California Bill Would Require Liability Insurance for Gun Owners

Welcome to CaliforniaA bill has been proposed in California that, if made into law, would require gun owners in the state to carry liability insurance. The purpose is to cover the cost of damage that is caused by the guns that someone owns. This adds California to the states who have created gun liability insurance bills.

The idea of what has frequently been referred to as “gun insurance” started popping up on the internet shortly after the tragedy that happened in Connecticut at Sandy Hook Elementary School. Everyone wants to prevent that type of thing from happening again. Some opined that the answer (or at least, a part of the solution), was to require gun owners to carry insurance on their weapons.

Since then, some legislators have taken that idea under serious consideration. In Maryland there is a proposal that would mandate that owners of firearms must have liability insurance of at least $250,000.

In Massachusetts a bill would that would require gun owners to purchase liability insurance includes the imposition of a fine for those who own guns and choose not to buy the insurance. The fine could range from $500.00 to $5,000 or up to a year in jail.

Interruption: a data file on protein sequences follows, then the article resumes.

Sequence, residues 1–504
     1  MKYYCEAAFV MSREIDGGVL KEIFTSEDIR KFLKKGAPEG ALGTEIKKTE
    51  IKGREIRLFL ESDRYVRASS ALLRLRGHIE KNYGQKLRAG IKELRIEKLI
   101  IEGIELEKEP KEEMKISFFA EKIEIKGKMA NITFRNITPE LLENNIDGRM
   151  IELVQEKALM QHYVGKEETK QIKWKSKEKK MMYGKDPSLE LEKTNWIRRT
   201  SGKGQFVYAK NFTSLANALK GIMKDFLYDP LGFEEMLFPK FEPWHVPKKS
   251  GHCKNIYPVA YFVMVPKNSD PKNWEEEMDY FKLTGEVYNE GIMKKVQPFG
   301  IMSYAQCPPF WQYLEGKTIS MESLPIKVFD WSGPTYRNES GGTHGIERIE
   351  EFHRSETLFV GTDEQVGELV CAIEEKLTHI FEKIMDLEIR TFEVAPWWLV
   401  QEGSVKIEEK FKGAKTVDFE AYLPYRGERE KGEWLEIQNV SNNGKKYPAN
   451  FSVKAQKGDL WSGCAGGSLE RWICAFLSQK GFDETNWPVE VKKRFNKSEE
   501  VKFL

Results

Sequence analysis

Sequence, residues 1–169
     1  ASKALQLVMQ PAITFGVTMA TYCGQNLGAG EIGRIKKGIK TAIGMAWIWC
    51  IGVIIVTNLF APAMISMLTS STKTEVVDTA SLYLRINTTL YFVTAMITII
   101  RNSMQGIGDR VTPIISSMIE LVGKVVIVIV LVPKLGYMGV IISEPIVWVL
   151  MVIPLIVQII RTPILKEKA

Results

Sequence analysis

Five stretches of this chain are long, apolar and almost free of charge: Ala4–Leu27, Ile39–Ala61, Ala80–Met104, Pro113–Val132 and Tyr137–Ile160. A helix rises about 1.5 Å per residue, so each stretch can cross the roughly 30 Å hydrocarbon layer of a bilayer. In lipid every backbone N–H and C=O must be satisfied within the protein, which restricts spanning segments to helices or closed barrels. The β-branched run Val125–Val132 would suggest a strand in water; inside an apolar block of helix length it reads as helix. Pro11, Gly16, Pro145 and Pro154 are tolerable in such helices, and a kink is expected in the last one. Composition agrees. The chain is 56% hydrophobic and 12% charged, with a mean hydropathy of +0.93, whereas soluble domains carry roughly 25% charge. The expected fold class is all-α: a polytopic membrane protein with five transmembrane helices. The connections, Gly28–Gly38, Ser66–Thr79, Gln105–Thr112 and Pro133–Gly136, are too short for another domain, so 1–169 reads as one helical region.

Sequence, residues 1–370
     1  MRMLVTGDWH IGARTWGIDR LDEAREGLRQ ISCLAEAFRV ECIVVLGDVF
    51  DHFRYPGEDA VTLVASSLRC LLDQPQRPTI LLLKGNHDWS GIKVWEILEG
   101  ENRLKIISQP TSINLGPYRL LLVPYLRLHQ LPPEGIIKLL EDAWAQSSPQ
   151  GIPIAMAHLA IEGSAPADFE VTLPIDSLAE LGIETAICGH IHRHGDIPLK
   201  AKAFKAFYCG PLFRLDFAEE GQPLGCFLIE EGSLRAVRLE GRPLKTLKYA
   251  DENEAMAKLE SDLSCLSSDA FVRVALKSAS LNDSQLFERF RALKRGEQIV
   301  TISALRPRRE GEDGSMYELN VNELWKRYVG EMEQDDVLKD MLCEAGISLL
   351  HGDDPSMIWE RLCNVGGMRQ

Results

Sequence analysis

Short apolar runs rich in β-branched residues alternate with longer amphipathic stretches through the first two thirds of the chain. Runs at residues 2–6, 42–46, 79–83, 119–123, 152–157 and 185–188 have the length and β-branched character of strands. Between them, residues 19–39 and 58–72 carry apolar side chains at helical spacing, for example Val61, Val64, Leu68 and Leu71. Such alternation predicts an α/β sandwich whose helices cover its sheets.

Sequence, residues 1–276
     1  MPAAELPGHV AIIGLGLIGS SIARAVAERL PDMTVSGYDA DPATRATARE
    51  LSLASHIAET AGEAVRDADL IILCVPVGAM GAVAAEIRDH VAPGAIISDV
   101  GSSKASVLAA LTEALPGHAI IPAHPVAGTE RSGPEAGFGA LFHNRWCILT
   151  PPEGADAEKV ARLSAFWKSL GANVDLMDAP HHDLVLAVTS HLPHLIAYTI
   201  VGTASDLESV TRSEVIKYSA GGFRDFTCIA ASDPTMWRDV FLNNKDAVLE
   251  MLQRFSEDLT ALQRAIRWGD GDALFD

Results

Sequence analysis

In California, there are two bills that, if passed into law, would affect gun owners. One is called AB 231. It was introduced by Assemblymember Philip Y. Ting, a Democrat, who represents District 19 and by Assemblymember Jimmy Gomez, also a Democrat, who represents District 51. The bill would require gun owners to purchase liability insurance to cover the cost of damage that may be caused by the weapon.

In a press release Assemblymember Ting had this to say about it:

The government requires insurance as a condition of operating a car – at the very least we should impose a similar requirement for owning a firearm. The cost to society of destruction by guns is currently being born collectively by all of us, and not by those who, either through carelessness or malice, cause the destruction. It is time to change that equation so that those who cause the harm pay the costs.

A second bill is called AB 232. It was introduced by Assemblymember Ting. If passed into law, it would provide a state income tax credit to persons who turn in a firearm to a local gun buyback program. The amount of the credit would reflect the value of the weapon (up to a $1,000 cap).

Image by Ken Lund on Flickr